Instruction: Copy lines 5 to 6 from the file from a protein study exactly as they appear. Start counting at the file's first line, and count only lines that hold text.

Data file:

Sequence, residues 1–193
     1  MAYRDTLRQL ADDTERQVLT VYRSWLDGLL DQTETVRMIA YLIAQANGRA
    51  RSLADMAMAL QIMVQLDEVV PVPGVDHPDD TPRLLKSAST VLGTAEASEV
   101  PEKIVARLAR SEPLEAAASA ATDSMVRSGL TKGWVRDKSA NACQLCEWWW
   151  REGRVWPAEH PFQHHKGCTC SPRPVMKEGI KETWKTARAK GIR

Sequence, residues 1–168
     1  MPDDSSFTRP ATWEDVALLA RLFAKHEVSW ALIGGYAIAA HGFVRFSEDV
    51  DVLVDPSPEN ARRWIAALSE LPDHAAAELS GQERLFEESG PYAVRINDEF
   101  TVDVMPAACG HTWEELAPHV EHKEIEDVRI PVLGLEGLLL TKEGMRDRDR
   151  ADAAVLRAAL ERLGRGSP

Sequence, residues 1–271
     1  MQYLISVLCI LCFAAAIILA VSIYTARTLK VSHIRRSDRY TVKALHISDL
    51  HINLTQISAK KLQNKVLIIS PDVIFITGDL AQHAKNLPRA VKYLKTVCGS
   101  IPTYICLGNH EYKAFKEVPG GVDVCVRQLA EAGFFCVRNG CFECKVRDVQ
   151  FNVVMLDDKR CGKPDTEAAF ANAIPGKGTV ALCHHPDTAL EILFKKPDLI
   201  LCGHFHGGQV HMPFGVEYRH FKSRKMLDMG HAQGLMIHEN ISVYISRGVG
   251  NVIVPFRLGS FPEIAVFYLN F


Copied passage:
   151  REGRVWPAEH PFQHHKGCTC SPRPVMKEGI KETWKTARAK GIR

Sequence, residues 1–168